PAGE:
Walking in a Winter Wonderland

December 30th, 2017 Orthopedic Associates

Staying Safe While Walking In The Snow.

Each and every year, 1 million people are hospitalized because of injuries sustained after falling, and 17,000 of those 1 million people die. The likelihood of being hospitalized because of a fall increases dramatically in the winter because of the hazards it can put in the street and on the sidewalk. Simply put, walking in a winter wonderland is a dangerous thing. However, by equipping yourself with the knowledge of how ice and snow can cause you to fall and taking steps(no pun intended) to prevent it, you can easily avoid becoming one of those 1 million.

How ice and snow cause you to fall

Believe it or not, ice and snow aren’t the direct cause of a fall. The “slipperiness” of ice occurs because of heat and friction on the top layer of ice. Ice and snow, when layered, are very solid at the bottom and fairly weak at the top. When heat or friction, such as that caused by a pair of boots, is applied to the looser top layer of ice or snow, it causes melting. When the top layer melts, it leaves a thin veneer of water that is nearly imperceptible, but incredibly dangerous. Think about polar ice caps, glaciers, or a frozen lake. You can safely walk on these things because they are in conditions so cold, and the ice is so deep, that the thin layer of water doesn’t form. Walking on ice is like walking on a hardwood floor that’s just been waxed.

This is also what makes “black” ice more dangerous. Black ice isn’t actually different from any other ice scientifically. It’s simply thinner, and because of that, more translucent. This translucency makes it near impossible to see, which obviously adds to the danger. Being thinner is the true killer, though—black ice can melt very quickly, and in some cases will already have the thin layer of water before you step on it.

Snow has its own set of problems separate from ice. The biggest differentiating factor is that snow doesn’t fall as one solid sheet, but instead in flakes. Once it’s on the ground, this causes the snow to work more like sand than concrete. This means that when weight is placed on one area of the snow, it will fall through. This idea is what makes snowshoes work: by spreading your weight across a bigger surface area, it leaves you less likely to apply too much weight in one area.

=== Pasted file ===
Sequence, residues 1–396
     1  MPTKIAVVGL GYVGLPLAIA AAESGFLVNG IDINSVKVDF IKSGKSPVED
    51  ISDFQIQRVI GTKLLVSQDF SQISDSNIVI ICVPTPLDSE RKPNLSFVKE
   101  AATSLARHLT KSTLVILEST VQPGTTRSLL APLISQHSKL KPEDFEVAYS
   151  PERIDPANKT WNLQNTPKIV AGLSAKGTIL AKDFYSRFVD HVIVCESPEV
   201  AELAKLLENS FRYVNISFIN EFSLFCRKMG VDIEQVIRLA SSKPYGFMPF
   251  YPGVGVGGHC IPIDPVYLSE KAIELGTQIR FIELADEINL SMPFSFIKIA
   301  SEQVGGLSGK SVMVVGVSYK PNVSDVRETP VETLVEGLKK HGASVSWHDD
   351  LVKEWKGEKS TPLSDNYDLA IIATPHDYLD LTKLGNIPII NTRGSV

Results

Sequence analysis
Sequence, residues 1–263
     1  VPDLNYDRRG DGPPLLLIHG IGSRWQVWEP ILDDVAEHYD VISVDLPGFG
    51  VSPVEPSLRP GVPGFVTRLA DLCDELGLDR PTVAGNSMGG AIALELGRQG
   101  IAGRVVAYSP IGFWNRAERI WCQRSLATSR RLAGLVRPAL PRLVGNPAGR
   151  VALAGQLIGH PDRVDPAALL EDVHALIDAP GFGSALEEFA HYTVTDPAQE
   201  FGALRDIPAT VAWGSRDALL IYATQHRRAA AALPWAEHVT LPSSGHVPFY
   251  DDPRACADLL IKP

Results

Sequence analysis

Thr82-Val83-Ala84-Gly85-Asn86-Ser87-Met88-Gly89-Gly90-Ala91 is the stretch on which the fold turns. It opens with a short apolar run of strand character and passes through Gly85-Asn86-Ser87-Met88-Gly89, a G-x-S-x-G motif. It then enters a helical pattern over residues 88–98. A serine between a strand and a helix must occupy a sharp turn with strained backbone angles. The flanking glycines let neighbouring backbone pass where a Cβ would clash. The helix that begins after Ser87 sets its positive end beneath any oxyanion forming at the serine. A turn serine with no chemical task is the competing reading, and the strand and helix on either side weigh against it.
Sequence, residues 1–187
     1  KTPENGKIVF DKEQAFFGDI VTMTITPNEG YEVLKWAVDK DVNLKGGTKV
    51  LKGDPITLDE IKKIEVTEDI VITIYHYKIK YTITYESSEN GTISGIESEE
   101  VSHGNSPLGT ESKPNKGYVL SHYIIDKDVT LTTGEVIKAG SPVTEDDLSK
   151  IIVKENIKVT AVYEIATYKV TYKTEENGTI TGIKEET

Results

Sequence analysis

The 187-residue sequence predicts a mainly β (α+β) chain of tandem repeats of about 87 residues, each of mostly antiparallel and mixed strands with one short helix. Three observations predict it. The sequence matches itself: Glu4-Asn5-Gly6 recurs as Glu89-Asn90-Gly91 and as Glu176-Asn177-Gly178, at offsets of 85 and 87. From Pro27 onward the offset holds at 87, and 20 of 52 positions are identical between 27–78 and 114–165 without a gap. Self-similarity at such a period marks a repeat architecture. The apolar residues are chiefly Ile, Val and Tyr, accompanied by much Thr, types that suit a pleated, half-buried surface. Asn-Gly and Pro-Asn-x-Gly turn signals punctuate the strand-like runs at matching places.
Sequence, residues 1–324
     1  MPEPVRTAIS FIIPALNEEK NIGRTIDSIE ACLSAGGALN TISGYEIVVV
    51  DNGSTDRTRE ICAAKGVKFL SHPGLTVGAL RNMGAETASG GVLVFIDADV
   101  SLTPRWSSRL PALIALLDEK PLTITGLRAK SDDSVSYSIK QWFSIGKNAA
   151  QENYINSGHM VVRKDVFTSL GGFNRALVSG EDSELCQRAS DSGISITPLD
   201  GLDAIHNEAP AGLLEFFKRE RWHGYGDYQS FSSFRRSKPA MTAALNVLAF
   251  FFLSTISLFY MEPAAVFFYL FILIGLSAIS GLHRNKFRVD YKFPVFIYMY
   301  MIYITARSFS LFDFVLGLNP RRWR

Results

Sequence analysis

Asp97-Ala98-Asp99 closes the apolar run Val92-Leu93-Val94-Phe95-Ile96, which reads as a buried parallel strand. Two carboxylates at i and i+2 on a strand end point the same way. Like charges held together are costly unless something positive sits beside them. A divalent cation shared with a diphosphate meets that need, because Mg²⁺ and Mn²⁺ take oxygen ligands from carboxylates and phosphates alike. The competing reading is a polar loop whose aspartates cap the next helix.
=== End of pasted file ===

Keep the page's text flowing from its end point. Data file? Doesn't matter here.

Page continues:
Contrary to ice, this makes snow more dangerous when it’s warmer outside. You may have heard the term “packing snow” to describe snow that is good for snowballs, snowmen, snow forts, and any other thing a child can come up with. This snow is more likely to stick together because it is, in a way, stuck between water and snow, and will cling to the moisture around it, whether that be other snow or more water in the air.

How to prevent falling on ice and snow

In the winter, the best thing you can do to prevent yourself from falling on ice and snow is to be prepared for it. Other things may help, but the most impactful way to keep from falling is to remove the hazards as they come. If there is snow on the sidewalk, break out the snowblower. If there is ice on your stoop, get the salt out.

If you find yourself tasked with ice or snow outside of your house, you should make a few changes to the way you’re walking. First, take a second to consider your path and what you’ll be crossing. Then move your feet so they are at least a foot apart to provide proper support, and add on to this by keeping your knees bent just a little to lower your center of gravity. Next, carefully make your first step, moving your feet slowly and keeping them at a safe distance when possible. You can continue from there, and soon you’ll be safely on the other side. If you have a technique already like dragging your feet or shuffling, you can keep using it but you should still be applying these ideas.

If walking on snow and ice is a problem for you, or you think it may be a problem, you may want to work on your balance. It may seem like the type of thing you can’t improve, but that simply isn’t true. Of course, it is always our recommendation that you look for help from a professional in crafting a safe and healthy exercise plan, but anything from yoga to weightless squats can keep you safe this winter.

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